Tikoian sees transformation in N. Providence Police Department

Tikoian sees transformation in N. Providence Police Department

North Providence Police Chief David Tikoian describes the positive strides made by the department. (Breeze photo by Ethan Shorey)

NORTH PROVIDENCE – In the five months since he took over as the town’s police chief, David Tikoian says he’s seen a “complete transformation” in the department.

Signs that morale is up were everywhere during a visit to the department on Monday, with smiles on many faces and chatter among departments.

Several officers have received promotions, and the department has made great advancements in a number of areas, said Tikoian. Officers confirmed that the department is a much better place to come to work.

“I couldn’t be prouder of the work that our police officers are putting forth,” said Tikoian.

Multiple unannounced audits of the department’s evidence room have come back with “100 percent accountability,” putting the department on track to gain its accreditation later this year. “We’ve really tightened that up,” said Tikoian.

Lt. Diana Perez, now back to work full-time after going out on medical leave and suing former Acting Chief Chris Pelagio on sexual harassment charges, was tasked with creating a winter operations plan for the department. That plan, governing everything from how the department enforces the town’s snowstorm parking ban to how it communicates with the public, was in full effect during the season’s first major winter storm two weeks ago.

Communicating with the public through a variety of channels led to “excellent cooperation” on the parking ban, with only 19 vehicles towed, said Tikoian.

The plan also called for allocating police resources differently, including having detectives come in to work storm coverage and having officers stationed at various points throughout town. The department also did “simple things” such as calling tow companies ahead of time to make sure they were on standby for towing operations, noted the chief, or notifying the town DPW and other departments that police were at the ready to assist with anything needed, including enforcement of the town ordinance prohibiting pushing snow back into the street.

By stationing an officer at the department’s operations center to run point on the storm response, the dispatch center was freed up to take calls from residents, said Tikoian.

“From my perspective, it worked very, very well,” he told The Breeze.

Tikoian and new Deputy Chief Arthur Martins are also taking steps to get police officers into the community. Messages from residents are verifying that more officers are being seen at local events and in neighborhoods, he said.

“They’re (officers) getting the message, and they’re responding to that,” he said.

Crime statistics from the past five years show how vital it is for officers to have greater neighborhood involvement. In 2012, the town saw 150 burglaries, compared to 70 burglaries in 2017, said the chief. Incidents of vandalism during that time dropped from 206 to 151. And in the larceny from motor vehicles category, where there “has to be a correlation” between officers being seen and fewer incidents, he said, there were 121 incidents in 2012 compared to 45 incidents in 2017.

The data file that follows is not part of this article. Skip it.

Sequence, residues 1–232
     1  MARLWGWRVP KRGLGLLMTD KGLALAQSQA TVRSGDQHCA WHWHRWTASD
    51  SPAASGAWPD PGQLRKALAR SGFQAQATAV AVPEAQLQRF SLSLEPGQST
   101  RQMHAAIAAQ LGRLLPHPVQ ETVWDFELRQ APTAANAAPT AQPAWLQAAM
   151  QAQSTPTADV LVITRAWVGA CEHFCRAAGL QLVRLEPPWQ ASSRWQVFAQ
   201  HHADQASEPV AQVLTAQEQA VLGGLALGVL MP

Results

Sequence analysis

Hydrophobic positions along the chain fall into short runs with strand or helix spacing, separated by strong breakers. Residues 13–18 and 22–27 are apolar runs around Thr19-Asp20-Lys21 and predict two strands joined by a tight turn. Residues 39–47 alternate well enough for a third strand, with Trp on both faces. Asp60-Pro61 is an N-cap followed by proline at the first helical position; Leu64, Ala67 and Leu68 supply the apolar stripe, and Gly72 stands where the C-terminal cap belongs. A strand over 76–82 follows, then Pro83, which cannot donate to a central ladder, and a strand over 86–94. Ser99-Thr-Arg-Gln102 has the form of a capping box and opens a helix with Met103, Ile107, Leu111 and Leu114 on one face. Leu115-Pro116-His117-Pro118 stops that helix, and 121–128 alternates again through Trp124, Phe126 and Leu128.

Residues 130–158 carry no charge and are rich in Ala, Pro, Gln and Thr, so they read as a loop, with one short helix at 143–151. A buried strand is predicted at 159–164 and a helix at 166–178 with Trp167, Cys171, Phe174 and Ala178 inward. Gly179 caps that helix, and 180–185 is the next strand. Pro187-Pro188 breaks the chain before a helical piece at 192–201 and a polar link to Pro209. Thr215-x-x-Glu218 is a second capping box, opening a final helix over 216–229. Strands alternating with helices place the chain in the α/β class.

Martins is working on a data-driven approach to crime, so police have a better idea of where they should target enforcement and patrols. If there are more larcenies and breaking and entering incidents in a particular area, officials can then deploy more officers to that area, said Tikoian.

The chief also has the department on an “aggressive schedule” to apply for accreditation. Perez is managing the accreditation process and professional standards in the department, including drafting policies. About 20 to 25 significant department policies have been redone already, and the rest will be done in time to go for accreditation at the end of the summer, said Tikoian.

Just like officers have department roll call every day, Tikoian is planning a “community roll call” for residents, likely in March, where a forum will be held at Camp Meehan for residents to come express their concerns to police officers. Too often, said Tikoian, residents only see officers when they come into their house, and “I think it’s very important for the police department to connect with the community, and to bring them into our house, so to speak.”

The community roll call can only “build trust and confidence” in the department, he said.

He said he’s received “excellent cooperation” from the police union and mayor.

Evidence that officers are happier can be found in the fact that they’re now staying beyond their regular work hours of 8 a.m. to 4 p.m., said Tikoian. When he started in North Providence, he said, officers were often coming and going right when the clock hit the top of the hour, but many officers are now showing up as early as 7:30 a.m. and leaving well after 4 p.m.

Ongoing construction of a new public safety complex is certainly improving morale, he said, as is the fact that the department is looking to add new officers. With three available slots, plus two officers currently on active military deployment, the department is currently down about five officers.